“Mike, you don’t have to go in at noon. Computers down.”

A note my roommate left on the fridge. August 12, 2003.

I was working support at a call center that summer between university terms. Sometime in the early morning of August 12th, hundreds of Windows computers at my workplace started randomly shutting down. Later that day, I started getting calls from friends and family about computers “acting weird”. Yes, even my own computer went down that evening. Windows machines were becoming infected and going down all over the world.

The cause was a little worm named Blaster (or MSBlaster or Lovesan; it depends on who you ask). It was a virus that took down every Windows machine it touched spreading through your internet service provider’s own network. And there was nothing anyone could do…

Or was there?

In fact, the millions of dollars of lost productivity and IT costs to clean up the mess could have been avoided. Like many major exploits used in large scale attacks, the vulnerability was known and could have been fixed in an update. Unfortunately, updating tools at the time were only used by system admins and tech savy folks. Ten years ago, updating Windows was simply not a thing “normal” people did.

However, the reality of the increasingly interconnected world of the 21st century meant that something had to be done. Blaster was just part of a wave. Earlier in 2003, Slammer was another nasty data-destorying attack that spread throughout the world using a Microsoft SQL exploit that was well documented, but not patched. Blaster, Slammer, their innumerable variants, and future potential threats caused Microsoft to come to the only logical conclusion.

Updates for an operating system were no longer optional.

Not just for system admins anymore, updates had to be provided to the whole computer using community. Everyone has to be secure or no one is safe. Therefore, updating had to be easy, built in, and automatic from here on out. This lead to the creation of one of the most important updates Microsoft ever deployed: Windows XP Service Pack 2 with Security Center. The worlds most prevalent operating system started notifying you to update regularly. Updating your computer regularly became a part of your life.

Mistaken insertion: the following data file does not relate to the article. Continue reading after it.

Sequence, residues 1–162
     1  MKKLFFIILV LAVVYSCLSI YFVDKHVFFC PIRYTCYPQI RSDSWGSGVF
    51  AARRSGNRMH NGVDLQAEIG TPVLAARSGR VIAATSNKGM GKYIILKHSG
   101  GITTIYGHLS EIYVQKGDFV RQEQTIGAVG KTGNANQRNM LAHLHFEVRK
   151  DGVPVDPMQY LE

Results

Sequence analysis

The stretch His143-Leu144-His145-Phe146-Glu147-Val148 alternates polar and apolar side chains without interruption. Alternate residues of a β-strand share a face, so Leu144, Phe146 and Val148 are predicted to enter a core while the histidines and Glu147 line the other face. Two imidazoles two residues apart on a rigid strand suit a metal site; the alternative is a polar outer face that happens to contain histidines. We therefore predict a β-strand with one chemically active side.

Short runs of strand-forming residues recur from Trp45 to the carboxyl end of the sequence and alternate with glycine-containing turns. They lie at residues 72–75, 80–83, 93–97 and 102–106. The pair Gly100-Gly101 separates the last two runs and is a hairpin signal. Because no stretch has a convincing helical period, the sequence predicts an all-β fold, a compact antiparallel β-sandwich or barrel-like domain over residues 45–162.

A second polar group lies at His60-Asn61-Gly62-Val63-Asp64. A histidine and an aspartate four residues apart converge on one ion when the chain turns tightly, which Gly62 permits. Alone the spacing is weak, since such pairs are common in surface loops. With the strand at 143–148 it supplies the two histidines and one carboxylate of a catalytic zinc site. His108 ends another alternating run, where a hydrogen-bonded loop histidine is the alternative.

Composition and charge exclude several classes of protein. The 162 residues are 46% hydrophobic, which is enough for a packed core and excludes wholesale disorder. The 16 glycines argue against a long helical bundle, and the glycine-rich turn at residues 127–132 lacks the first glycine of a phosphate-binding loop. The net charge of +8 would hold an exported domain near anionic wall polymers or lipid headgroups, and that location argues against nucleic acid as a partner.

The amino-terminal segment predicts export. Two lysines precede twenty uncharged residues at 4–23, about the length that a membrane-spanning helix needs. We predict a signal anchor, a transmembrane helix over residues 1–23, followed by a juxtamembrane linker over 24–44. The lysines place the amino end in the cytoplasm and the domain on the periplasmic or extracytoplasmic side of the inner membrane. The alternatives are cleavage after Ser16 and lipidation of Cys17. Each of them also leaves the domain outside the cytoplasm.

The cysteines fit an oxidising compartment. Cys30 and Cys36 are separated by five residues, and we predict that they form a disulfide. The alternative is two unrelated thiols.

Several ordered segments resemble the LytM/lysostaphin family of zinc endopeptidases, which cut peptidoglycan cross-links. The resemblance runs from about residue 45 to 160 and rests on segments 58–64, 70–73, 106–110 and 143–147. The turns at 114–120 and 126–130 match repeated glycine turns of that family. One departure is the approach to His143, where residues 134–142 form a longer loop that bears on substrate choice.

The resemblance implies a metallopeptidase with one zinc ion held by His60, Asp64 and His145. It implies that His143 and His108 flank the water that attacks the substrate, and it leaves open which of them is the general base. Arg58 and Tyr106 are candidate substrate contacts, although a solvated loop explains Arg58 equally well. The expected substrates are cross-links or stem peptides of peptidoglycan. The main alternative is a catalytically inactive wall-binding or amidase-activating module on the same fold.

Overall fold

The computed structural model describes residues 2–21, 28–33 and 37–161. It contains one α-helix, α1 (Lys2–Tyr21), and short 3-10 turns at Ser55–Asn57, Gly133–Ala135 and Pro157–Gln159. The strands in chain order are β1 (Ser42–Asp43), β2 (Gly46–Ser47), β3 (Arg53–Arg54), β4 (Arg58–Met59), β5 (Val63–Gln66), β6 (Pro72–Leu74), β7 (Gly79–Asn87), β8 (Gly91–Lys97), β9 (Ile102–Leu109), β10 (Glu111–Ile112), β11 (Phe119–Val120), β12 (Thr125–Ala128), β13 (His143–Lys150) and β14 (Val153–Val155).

So, what does this have to do with Android?

Currently, the vast majority of Android devices are not running the latest version. At this time, only 8.5% of Android users are using the latest version of operating system (Android Kitkat version 4.4) that came out 8 months ago. For comparison, Apple has updated 88% of iOS users to iOS 7 (also released last September).

The difference here is that, like Microsoft, Apple controls their updating of iOS devices on their end. For Google, the Android devices are at the mercy of the hardware manufactures and cell providers to get updates out. Without going into all the details of how Android updates work (HTC posted some details about this embarrassing phenomenon themselves) let’s just say that the logistics of this situation are kind of insane.

This means that Android version updates take about 5 to 10 months to deploy after release for most manufacturers, but that is only for the newest devices. Cheaper devices may get one update, but many never get any.